remoção de células danificadas e/ou diluição do conjunto de células existentes com células
recentemente formadas (VENKATESH et al., 2007). Vários mecanismos podem ter sido
responsáveis pela citotoxicidade da DOX e a indução de micronúcleos (GEWIRTZ, 1999),
incluindo a intercalação de DOX no DNA celular (PAINTER, 1978; KIYOMIYA et al.,
2001), estabilização do complexo DNA-topoisomerase II (POMMIER et al., 1985; GUANO
et al., 1999), toxicidade mediada por radicais livres causado pela ciclagem redox do radical
semiquinona (BACHUR et al., 1979) ou formação de espécies de oxigênio reativo pelo
complexo ferro-DOX (MYERS, 1998; ELIOT et al., 1984; KONOREV et al., 1999). Por
outro lado, outros agentes químicos tais como o captopril e a desferrioxamina (AL-HARBI,
1993; AL-SHABANAH, 1993), β-caroteno e vitaminas A, C e E (LU et al., 1996; GULKAC
et al., 2004; COSTA & NEPOMUCENO, 2006), tiol N-acetilcisteína, probucol, lovastatina e
flavonóides hidrofílicos, tais como rutina e luteolina (D’AGOSTINI et al., 1998; ALGHARABLY, 1996; BARDELEBEN et al., 2002; SADZUKA et al., 1997) têm sido
reportados para reduzir os MNs / genotoxicidade / toxicidade induzidos por DOX em
camundongos. Ainda, os defensores da medicina herbal sempre afirmam que as misturas são
melhores do que as substâncias químicas puras, porque dezenas de compostos biologicamente
37
ativos em plantas trabalham juntos para produzir um efeito maior do que qualquer uma
substância química por si mesma (MACKENZIE, 2001).
38
Tabela 1. Incidência de PCEMNs e relação de PCE/NCE em medula óssea de camundongos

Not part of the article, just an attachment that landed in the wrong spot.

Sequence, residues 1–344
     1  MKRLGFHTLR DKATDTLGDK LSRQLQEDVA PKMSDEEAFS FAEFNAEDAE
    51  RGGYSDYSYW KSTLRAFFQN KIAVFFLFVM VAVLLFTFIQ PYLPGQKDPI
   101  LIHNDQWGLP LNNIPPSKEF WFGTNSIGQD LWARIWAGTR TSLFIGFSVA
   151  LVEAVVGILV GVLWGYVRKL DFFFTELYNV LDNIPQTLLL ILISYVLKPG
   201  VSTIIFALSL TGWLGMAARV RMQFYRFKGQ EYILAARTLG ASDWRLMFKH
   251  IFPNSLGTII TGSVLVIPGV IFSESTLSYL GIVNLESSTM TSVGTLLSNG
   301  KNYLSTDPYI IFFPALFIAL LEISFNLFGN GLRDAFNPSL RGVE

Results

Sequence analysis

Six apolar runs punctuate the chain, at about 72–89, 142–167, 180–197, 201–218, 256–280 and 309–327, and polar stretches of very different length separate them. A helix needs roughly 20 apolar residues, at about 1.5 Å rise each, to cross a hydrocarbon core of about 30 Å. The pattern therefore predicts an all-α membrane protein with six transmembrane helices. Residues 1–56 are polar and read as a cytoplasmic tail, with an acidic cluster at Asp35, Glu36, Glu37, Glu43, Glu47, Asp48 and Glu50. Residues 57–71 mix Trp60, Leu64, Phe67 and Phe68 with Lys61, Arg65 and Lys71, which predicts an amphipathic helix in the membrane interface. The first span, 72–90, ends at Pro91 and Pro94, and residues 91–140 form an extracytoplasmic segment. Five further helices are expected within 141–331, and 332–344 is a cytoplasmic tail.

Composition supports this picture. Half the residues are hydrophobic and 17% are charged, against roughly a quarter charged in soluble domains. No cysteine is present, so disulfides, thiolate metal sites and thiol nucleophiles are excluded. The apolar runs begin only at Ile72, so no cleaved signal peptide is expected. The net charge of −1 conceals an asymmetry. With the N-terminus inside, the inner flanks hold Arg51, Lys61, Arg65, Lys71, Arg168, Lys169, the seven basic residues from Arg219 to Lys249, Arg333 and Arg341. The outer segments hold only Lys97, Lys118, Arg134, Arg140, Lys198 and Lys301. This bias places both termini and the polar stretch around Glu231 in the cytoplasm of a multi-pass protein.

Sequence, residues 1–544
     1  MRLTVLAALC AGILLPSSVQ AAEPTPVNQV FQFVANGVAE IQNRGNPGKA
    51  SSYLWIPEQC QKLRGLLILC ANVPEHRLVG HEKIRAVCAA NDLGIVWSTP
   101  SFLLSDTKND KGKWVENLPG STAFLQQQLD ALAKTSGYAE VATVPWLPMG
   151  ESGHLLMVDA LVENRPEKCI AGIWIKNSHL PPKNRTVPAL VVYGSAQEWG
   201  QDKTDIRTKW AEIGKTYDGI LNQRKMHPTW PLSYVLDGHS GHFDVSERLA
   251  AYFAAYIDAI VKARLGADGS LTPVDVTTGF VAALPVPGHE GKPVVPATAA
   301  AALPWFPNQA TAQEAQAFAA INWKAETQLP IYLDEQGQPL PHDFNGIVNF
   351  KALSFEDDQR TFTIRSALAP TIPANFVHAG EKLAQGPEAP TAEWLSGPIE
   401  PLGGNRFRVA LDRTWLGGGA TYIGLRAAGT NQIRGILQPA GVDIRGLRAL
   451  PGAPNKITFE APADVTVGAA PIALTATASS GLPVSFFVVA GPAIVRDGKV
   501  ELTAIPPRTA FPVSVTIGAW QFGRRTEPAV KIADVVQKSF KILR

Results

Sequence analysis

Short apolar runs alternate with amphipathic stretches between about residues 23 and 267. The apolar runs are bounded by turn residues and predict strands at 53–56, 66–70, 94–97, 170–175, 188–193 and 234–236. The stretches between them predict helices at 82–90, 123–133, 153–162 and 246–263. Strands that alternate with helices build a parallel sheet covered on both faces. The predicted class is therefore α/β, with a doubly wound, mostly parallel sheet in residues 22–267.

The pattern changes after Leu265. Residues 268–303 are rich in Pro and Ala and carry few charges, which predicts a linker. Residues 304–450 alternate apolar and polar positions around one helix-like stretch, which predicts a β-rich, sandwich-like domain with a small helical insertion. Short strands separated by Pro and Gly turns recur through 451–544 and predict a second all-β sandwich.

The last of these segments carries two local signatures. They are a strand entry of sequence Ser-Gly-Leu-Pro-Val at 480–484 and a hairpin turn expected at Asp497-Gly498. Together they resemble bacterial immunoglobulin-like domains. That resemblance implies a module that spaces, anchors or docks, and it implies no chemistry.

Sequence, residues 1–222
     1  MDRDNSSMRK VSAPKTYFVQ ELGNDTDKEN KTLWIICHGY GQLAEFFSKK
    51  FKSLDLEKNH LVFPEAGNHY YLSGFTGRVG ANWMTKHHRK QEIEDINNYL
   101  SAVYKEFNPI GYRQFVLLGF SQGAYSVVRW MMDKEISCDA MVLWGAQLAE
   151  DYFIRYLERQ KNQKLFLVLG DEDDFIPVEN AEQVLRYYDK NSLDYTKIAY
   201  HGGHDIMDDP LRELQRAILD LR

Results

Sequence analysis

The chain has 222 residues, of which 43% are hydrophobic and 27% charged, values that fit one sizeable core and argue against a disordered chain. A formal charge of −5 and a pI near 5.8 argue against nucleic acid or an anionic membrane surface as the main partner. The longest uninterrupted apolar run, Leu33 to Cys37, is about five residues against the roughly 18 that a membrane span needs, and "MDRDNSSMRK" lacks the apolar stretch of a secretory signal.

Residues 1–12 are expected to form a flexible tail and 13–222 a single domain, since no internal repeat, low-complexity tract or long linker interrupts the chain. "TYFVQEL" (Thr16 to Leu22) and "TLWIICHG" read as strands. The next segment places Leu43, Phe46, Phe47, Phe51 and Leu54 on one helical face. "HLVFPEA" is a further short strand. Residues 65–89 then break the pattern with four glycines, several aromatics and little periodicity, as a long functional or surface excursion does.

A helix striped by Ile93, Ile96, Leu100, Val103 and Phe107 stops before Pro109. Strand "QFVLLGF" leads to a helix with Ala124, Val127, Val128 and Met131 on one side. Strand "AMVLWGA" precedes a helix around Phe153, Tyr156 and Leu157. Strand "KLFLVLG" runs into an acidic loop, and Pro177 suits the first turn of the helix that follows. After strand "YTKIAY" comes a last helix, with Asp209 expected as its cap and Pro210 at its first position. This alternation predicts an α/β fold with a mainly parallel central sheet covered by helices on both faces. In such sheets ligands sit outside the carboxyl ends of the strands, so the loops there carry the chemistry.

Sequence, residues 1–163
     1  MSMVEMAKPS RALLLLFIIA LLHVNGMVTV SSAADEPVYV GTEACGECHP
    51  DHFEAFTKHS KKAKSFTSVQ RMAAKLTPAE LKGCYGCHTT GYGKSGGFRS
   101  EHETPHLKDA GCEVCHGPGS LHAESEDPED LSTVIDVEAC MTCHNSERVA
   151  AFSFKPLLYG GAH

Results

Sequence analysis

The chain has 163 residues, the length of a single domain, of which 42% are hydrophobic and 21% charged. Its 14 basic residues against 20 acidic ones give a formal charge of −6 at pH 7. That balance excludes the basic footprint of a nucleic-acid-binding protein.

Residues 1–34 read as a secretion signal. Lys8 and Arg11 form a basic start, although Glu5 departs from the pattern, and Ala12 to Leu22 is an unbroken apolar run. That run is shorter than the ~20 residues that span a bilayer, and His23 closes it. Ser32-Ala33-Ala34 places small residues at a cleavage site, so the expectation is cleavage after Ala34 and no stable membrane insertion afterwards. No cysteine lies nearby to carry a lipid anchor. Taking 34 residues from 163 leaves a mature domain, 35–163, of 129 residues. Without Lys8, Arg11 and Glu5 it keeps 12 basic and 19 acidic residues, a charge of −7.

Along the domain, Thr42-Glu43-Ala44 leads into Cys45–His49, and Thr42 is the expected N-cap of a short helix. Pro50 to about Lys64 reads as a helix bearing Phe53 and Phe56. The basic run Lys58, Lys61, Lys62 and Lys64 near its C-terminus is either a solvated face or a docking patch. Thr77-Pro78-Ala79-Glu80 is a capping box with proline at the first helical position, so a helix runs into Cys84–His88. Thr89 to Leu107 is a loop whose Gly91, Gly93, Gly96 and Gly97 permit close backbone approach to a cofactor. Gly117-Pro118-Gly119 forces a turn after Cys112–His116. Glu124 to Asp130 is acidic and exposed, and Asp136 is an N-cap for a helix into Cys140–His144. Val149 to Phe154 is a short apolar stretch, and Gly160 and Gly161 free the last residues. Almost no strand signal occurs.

Swiss albinus (machos e fêmeas) após tratamentos (24 e 48 horas) controles+/– (NaCl, NUE e
DOX), experimental mutagênico (THALS) e anti-mutagênico (THALS + NUE e THALS +
DOX). Análise estatística de variância one-way (ANOVA), em delineamento inteiramente
casualizado no esquema fatorial 10 × 2 × 2 (tratamento × sexo × tempo), e comparação de
médias por meio do teste de Tukey (α = 0,05) empregando o sistema computacional SAS®
versão 9.2.
Tratamento
Número de PCEs analisados
24h
48h
PCEMN
24h (n)
48h (n)
24h (%)
48h (%)
PCE/NCE
24h
48h
NCE (n)
24h
48h
27
28
55 C
28
35
63 C
0,43
0,45
0,44 C’
0,45
0,56
0,50 C’
261,50
67,48
107,62
330,58
156,50
212,56
24
92
116
N-Nitroso-N-ethylurea (50 mg.Kg-1)
6034
6055
Σ♀
6057
5984
Σ♂
12091
12039
Σ
85
194
279 B
101
109
210 B
1,41
3,20
2,31 B’
1,67
1,82
1,74 B’
1,17
1,04
1,10 D’’
3,47
0,96
1,51 D’’
5166 1745
5843 6216
11009 7961
Cloridrato de doxorrubicina (5 mg.Kg-1)
6253
6186
Σ♀
6212
6203
Σ♂
12465
12389
Σ
179
155
334 A
149
181
330 A
2,86
2,50
2,68 A’
2,41
2,92
2,66 A’
5,01
70,59
9,34 CD’’
28,91
31,49
30,14
1247
88
1335
214
197
411
31
25
56 C
0,42
0,42
0,42 C’
0,49
0,40
0,45 C’
99,73
109,75
104,41 B’’
132,10
140,84
136,28 B’’
64
56
120
48
44
92
NaCl 150 mM
6276
Σ♀
6208
Σ♂
12484
Σ
6281
6260
12541
Tintura de sementes de H. annuus L. (THALS: girassol)
6383
6341
27
Σ♀
6146
6197
26
Σ♂
12529
12538
53 C
Σ 250 mg.kg-1
A’’
A’’
CD’’
19
40
59
Σ♀
Σ♂
Σ 500 mg.kg-1
6236
6217
12453
6252
6223
12475
37
40
77 C
40